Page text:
Real World Micro, TWENTY-FIFTH EDITION
Edited by Rob Larson, Bryan Snyder, Chris Sturr, and the Dollars & Sense collective.
A MICRO ECONOMICS READER FROM
Required reading for
University of Massachusetts, Amherst
Economics 103: Introduction to Microeconomics
The thoroughly updated and revised 25th edition of Real World Micro contains new articles addressing the latest real-world issues and controversies, including the size and power of banks, the minimum wage, CEO pay, the “gig” economy, net neutrality, stock-market gyrations, nuclear plant closure, Puerto Rico’s debt crisis, and Trump’s tariffs and trade policy. This edition also includes a new policy-spotlight chapter on the causes of deindustrialization. The articles in Real World Micro bring complex topics to life and highlight the effects of economic change on communities, workers, and the environment.
Real World Micro’s engaging articles are drawn from the pages of Dollars & Sense,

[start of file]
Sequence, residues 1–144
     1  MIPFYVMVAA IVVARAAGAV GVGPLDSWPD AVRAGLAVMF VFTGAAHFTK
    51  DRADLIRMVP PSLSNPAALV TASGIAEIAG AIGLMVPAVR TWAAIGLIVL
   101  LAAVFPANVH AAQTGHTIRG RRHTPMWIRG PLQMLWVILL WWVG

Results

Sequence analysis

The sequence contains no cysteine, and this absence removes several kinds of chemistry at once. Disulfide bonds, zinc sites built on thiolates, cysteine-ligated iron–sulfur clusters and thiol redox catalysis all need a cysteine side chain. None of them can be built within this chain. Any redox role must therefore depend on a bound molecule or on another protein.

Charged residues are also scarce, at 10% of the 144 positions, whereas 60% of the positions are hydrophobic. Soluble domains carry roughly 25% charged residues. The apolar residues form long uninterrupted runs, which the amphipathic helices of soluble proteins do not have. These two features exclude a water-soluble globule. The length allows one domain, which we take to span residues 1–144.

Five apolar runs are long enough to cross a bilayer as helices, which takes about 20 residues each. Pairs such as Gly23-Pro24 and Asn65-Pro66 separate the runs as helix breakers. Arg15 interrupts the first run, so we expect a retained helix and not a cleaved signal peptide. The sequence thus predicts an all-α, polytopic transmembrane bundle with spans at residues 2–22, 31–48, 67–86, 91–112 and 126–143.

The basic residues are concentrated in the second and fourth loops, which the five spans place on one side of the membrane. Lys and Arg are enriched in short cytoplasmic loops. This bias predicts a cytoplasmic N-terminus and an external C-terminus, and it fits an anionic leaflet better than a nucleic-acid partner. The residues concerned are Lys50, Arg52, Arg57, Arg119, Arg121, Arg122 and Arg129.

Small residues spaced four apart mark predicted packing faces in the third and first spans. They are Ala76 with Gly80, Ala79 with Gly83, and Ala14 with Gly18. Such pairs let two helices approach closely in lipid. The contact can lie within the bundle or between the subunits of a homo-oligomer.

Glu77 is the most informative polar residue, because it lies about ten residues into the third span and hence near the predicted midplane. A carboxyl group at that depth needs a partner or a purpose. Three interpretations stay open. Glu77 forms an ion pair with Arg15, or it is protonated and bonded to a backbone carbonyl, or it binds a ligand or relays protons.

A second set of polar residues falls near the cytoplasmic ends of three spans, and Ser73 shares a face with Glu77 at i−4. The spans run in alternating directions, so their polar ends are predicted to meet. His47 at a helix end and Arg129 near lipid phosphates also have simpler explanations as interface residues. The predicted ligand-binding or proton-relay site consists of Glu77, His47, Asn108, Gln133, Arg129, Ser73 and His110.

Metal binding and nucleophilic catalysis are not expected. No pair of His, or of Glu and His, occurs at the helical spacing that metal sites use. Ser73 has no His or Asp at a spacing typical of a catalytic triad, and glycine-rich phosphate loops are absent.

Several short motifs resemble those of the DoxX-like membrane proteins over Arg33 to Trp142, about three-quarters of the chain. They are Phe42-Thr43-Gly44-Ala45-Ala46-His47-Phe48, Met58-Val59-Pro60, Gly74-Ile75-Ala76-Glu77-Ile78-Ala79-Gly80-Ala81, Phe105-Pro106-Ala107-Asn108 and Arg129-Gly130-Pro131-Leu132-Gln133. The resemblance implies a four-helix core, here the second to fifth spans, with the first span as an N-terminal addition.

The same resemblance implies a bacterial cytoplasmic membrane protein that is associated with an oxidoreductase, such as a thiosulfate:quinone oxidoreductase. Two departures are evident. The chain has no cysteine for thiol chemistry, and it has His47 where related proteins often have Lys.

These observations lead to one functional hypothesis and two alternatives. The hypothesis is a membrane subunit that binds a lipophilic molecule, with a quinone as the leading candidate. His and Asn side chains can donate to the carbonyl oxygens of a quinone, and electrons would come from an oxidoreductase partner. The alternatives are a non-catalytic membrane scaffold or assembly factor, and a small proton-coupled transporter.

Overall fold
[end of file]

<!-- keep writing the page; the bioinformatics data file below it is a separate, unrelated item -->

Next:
the leading magazine of popular economics. Dollars & Sense also publishes Real
World Macro, The Wealth Inequality Reader, Current Economic Issues, Real World
Globalization, Labor and the Global Economy, Real World Banking & Finance, Real
World Labor, The Economics of the Environment, Introduction to Political
Economy, Unlevel Playing Fields, and Our Economic Well-Being.
Praise for Real World Micro:
“As textbooks become more conservative and less topical, I find that Dollars & Sense readers and books are more useful than ever in my undergraduate classes. They are jargon-free, up-to-date, and inexpensive—as well as consistently and thoughtfully progressive. I recommend them highly.”
— ROBIN HAHNEL, Portland State University
“The principles of economics textbooks (yes, even mine) tend to be on the dull side and leave aspects of the economy and economics unchallenged. Real World Micro and Macro can spice up your course and lead students to ask the type of questions they should be asking.”
— DAVID COLANDER, Middlebury College
Praise for Dollars & Sense textbooks:
“I’ve had great success with Real World Micro. Students really like its short, snappy analysis of current events and feel challenged by its alternative viewpoint.”
— SUSAN HELPER, Case Western Reserve University
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